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A wider scope for justice

  • Published at 06:07 pm April 27th, 2017
  • Last updated at 07:20 pm April 27th, 2017
A wider scope for justice

Bangladesh has had a long tradition of community-based alternative dispute resolution (ADR) system, widely known as shalish. Numerous studies show that the ADR is a very effective tool in delivering justice due to “settlement within the locality, being easily approachable, and lesser cost” (UNDP).

Unfortunately our formal justice system has not utilised the scope of ADR in full swing.

Both the Village Court Act 2006 and the Conciliation of Dispute (municipal areas) Board Act 2004 have incorporated the spirit of the mediation process to deal with both civil and criminal matters. However, the scope to use ADR in the criminal justice system is still very limited.

In this context, the initiation of ADR services at the District Legal Aid (DLA) offices through the section 21A of the Legal Aid Services Act (LASA) 2000 (amended in 2013) has created new hope.

Alternative dispute resolution

It has made the ADR system an essential part of the government legal aid. The District Legal Aid Officers (DLAO) now can settle disputes through mediation, if the cases are referred to them by any court or tribunal.

The government has also enacted the Legal Advice and ADR Rules 2015, which delegates the power to DLAOs to mediate disputes with the consent of both parties.

In 2014, attempts for mediation were made in 290 cases, of which 58% were resolved and Tk4.6 million were realised. In 2015 and 2016, the numbers of cases attempted for mediation were 705 and 2,609 respectively.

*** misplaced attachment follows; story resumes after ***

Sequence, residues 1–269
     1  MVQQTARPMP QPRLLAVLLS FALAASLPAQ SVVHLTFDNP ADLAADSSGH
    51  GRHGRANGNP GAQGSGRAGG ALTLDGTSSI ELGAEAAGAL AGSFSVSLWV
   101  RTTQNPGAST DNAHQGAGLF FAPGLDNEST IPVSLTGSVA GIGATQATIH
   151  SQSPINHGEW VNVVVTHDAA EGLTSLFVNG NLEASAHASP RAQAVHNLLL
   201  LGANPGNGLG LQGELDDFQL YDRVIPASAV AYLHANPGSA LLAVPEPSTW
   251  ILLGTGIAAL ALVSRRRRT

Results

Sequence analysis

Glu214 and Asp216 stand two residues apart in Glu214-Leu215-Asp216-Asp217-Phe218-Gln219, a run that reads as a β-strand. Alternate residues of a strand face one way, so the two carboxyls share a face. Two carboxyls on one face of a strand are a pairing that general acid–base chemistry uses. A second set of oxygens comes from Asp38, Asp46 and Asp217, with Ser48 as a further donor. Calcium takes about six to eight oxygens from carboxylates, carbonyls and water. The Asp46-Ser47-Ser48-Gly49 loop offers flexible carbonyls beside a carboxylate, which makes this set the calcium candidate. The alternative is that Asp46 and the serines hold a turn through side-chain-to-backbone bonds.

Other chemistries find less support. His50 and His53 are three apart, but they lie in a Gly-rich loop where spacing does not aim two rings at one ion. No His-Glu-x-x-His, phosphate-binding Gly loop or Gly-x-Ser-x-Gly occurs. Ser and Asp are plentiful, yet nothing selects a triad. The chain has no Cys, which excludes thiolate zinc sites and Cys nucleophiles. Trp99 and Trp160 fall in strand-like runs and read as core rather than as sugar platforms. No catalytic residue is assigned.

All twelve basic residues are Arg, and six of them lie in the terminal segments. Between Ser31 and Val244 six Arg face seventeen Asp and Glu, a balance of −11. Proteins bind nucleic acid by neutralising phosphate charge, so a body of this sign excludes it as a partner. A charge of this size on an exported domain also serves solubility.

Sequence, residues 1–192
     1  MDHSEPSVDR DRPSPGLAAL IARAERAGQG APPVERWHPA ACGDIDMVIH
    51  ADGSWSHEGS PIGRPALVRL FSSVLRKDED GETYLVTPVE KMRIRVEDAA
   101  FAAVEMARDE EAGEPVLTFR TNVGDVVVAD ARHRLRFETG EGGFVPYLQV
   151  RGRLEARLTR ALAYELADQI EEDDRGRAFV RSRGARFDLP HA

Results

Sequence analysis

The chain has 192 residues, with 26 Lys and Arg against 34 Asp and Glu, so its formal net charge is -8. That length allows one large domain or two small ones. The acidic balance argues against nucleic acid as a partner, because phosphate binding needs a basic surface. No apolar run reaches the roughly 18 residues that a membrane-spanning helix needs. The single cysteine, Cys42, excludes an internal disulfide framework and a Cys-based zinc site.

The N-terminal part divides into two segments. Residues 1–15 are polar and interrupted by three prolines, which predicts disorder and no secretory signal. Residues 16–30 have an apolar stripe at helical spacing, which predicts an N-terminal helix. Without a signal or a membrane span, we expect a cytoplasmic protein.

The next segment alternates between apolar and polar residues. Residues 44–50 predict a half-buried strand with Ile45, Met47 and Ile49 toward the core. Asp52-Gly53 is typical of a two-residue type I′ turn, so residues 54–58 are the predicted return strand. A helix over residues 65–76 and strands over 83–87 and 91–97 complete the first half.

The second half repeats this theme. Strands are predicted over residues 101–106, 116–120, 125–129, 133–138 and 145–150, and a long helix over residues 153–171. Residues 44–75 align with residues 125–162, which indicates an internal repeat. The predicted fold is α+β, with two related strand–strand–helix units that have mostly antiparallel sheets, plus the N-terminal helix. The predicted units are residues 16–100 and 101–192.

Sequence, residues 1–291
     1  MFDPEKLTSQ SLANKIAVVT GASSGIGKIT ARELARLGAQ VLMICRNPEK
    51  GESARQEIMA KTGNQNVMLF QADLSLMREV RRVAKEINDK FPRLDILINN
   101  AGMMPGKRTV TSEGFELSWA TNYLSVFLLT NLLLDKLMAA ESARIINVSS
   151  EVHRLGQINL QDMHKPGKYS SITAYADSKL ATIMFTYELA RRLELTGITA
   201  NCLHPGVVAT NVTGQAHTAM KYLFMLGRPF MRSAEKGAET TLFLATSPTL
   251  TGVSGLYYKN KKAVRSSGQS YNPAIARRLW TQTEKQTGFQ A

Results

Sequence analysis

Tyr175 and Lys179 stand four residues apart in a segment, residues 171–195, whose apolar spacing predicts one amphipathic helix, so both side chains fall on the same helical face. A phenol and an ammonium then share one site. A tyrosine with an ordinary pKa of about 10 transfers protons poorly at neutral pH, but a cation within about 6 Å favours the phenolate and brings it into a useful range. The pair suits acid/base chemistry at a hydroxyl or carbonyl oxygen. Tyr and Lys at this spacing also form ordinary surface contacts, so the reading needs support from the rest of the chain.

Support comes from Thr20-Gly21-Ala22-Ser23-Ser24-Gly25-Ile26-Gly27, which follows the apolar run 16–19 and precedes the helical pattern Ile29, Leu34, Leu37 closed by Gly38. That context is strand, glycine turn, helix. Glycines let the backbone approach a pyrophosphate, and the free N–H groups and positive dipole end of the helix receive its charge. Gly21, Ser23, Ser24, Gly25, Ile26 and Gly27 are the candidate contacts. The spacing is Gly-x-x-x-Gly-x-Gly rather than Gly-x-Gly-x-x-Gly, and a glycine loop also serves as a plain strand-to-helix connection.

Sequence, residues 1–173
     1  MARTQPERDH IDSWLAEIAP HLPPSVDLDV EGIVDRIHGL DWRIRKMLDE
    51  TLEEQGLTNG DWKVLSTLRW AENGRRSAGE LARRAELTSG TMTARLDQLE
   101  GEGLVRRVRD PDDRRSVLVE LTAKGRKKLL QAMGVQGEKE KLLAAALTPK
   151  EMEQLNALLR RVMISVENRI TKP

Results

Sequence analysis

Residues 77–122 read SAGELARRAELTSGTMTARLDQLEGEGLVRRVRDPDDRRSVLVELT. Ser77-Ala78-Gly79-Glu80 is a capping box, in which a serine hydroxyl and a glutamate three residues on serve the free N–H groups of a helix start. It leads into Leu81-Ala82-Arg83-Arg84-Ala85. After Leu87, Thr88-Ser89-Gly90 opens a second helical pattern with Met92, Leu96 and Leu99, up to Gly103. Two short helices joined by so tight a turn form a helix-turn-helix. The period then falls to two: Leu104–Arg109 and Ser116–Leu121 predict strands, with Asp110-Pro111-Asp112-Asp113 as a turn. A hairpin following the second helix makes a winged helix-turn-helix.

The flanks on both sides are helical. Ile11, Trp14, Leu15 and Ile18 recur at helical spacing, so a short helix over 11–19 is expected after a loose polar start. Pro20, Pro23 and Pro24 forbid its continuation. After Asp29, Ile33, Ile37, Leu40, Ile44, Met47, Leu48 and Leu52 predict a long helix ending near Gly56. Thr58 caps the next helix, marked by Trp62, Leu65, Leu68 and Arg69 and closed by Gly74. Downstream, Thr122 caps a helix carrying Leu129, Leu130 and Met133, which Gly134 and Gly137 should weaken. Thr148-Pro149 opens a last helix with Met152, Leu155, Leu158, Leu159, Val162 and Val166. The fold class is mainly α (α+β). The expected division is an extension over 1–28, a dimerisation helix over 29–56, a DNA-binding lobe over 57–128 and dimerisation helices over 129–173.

Year-wise, net growth rates for the last two years have been 143% and 270% respectively. Among the cases attempted for mediation, 75% in 2015 and 81% in 2016 were successfully resolved, and Tk6.8m and Tk20.4m respectively were realised.

Year-to-year growth rates in money realisation were 48% in 2015 and 200.3% in 2016. Growth rate in beneficiaries of ADR services from 2014 to 2016 is 266%. Following an enactment of Legal Advice and ADR Rules 2015, DLAO started pre-case and post-case mediation. Statistics shows that pre-case mediation services are becoming very popular (400% increased by 1 year), and the cases diverted from the courts for mediation are also increasing (33% increased from 2015 to 2016).

The above statistics demonstrate how an institutional framework enables people to use alternative ways, which have been existed as social capital, to resolve their disputes. In fact, inclusion of ADR system in the government legal aid structure creates multi-dimensional opportunities.

Bangladesh judiciaries are overburdened with 3.1 million case backlogs, which are increasing (1.5% in 2016) every year. The existing rate in case backlogs is associated with the ongoing gap between the newly filed cases and the total number of cases disposed in the given year (5% in 2016).

Bangladesh judiciaries are overburdened with 3.1 million case backlogs, which are increasing every year

Closing the gap

This gap cannot be addressed without having an efficient mechanism for diversion in place. The pre-case and post-case mediation services by DLA office can be that tool, if it is utilised at full blast.